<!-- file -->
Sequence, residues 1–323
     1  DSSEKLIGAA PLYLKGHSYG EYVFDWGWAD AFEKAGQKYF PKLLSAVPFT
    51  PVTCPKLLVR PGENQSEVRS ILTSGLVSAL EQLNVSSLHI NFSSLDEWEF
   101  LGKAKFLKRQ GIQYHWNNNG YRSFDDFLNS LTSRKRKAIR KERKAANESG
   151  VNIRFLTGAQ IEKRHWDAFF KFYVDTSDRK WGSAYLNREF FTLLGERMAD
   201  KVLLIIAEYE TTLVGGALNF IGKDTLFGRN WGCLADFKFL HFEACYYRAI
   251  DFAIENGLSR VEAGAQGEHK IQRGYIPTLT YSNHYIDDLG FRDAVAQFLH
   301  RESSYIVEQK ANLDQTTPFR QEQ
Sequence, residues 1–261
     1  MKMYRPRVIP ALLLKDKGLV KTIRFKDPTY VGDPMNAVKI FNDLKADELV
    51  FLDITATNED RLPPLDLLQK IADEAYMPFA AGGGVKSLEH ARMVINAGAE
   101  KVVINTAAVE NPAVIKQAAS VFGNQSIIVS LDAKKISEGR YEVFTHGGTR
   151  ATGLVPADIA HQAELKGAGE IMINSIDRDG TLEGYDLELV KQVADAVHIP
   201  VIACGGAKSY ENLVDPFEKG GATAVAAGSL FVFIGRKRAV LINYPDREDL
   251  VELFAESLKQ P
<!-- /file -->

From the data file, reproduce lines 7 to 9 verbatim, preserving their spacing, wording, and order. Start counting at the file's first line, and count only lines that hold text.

   251  DFAIENGLSR VEAGAQGEHK IQRGYIPTLT YSNHYIDDLG FRDAVAQFLH
   301  RESSYIVEQK ANLDQTTPFR QEQ
Sequence, residues 1–261